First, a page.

Crises call for action, and the COVID-19 crisis has triggered global action, much of it motivated by alarm, fear, and the dread of uncertainty. But what about the individual person who feels afraid and uncertain? I’d like to propose an answer based on the silent mind. I realize that this approach might sound a bit alien and “spiritual” in the wrong way, but building castles in the air or retreating into yourself isn’t what silent mind is about.
Silent mind is about reconnecting to your source. Everyone relies on the top layer of the mind, which is active, constantly thinking and feeling. But when these feelings get fixated on anxiety, alarm, dread, and uncertainty, the active mind cannot pull itself out of its own spiral. Mental activity becomes useless to heal itself, just as a runaway car cannot apply its own brakes.
What is needed is a reset. The reset isn’t just mental. Your thoughts are received by every cell in your body, and in turn all kinds of processes are affected—the immune response, hormonal cycles, sleep, and overall mind-body balance, or homeostasis. If the active mind becomes confused and chaotic, balance is disrupted everywhere. What to do?
Centuries ago, in every culture, a deeper level of mind was discovered, and the usual expression surrounding this level, which is silent, calm, and undisturbed, became religious, as in the Old Testament injunction, “Be still and know that I am God.” If we replace God with “your source,” the message comes through to modern ears: Be still and know that I am your source. The most direct result of heeding this message would be to meditate, because meditation gives direct access to silent mind.
But countless modern people have tried meditation, and they do not experience the kind of reset that is needed in a crisis. Partly this is due to lack of commitment; the average person has tried meditation and left it behind or only meditates when a sort of psychological Band-Aid is needed. Let me look a bit deeper to show what has been missed, because silent mind is truly the only healer.
Your thoughts are received by every cell in your body, and in turn all kinds of processes are affected—the immune response, hormonal cycles, sleep, and overall mind-body balance, or homeostasis.
In medical school homeostasis is described as basically physical. If you go for a run, your heart rate, respiration, blood flow to muscles, digestive process, etc. are thrown out of balance, but once you stop running, homeostasis is restored. At the negative end of experience, if you experience a great shock, the fight-or-flight response throws you into extreme imbalance, but when the shock ends, balance is restored. Unfortunately, under a constant threat like COVID-19, the shock doesn’t end. The usual stress response is designed to last no more than a few minutes. Extended to days and weeks, it turns on itself and begins to create damage.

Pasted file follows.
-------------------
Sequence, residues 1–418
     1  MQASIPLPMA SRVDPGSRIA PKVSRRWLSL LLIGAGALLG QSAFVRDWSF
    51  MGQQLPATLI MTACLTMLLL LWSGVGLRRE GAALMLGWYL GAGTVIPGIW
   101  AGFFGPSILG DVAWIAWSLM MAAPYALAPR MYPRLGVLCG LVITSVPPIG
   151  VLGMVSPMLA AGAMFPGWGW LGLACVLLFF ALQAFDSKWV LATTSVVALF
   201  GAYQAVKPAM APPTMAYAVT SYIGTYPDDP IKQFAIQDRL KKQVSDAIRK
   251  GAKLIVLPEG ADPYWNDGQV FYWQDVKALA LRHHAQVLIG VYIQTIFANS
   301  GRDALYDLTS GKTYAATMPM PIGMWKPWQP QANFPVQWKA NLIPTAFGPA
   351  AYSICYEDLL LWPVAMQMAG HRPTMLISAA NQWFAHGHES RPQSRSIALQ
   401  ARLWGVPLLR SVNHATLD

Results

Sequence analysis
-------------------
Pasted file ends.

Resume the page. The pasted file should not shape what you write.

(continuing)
The damage first appears psychologically. Under constant stress, people feel tired, grumpy, depressed, anxious, irritable, impatient, and so on. Keep up the pressure, and the next stage is fatigue, lethargy, dullness, and depression. If the stress still doesn’t abate, physical symptoms start to develop, often beginning with insomnia as the result of hormonal interactions being thrown out of whack. There is a lot more to say about this, but the bottom line is that a holistic reset is needed.
Without noticing it, you have been holistically resetting yourself for your entire life. Homeostasis isn’t just physical; it involves the whole person. The command center for resetting the whole person isn’t found in our cells, not even our brain cells, and it isn’t found in the active mind, which is just the top layer. The command center for holistic resetting is at the source. Be still and know that I am your source. The evidence for this has existed for decades. Meditation affects heart rate, respiration, brain activity, inflammation markers, and stress levels. Medical science studies each of these factors individually, but we shouldn’t miss the forest for the trees. Everything comes back to the same source.
Your source is still and silent; you come closest to it in deep, dreamless sleep. But in a crisis, everything doesn’t automatically go back into balance the way your heart rate will return to normal after you quit running. It turns out that there is useful silence and not-so-useful silence. As consciousness starts to move from its silent source, different paths open up, and the paths you have favored become your unique way of turning silence into something else.
Nobody handed you a user’s manual, but in broad terms, silent mind takes a path that is either/or. Let me map how these pathways diverge.
Fear or love
Separation or unity
Suffering or bliss
Renewal or habit
Self-esteem or self–doubt
Security or insecurity
Comfort or stress
Acceptance or resistance
Awareness or unconsciousness
These choices arise from silence; they have the same source but travel in opposite directions. If a person is fully conscious or awake, the pathways are directed toward the desirable experiences of love, security, bliss, creativity, renewal, and so on. But as things stand, we are all entangled in a web of choices that are mixed. We suffer but also feel bliss; we love but also fear; we feel self-worth but also self-doubt.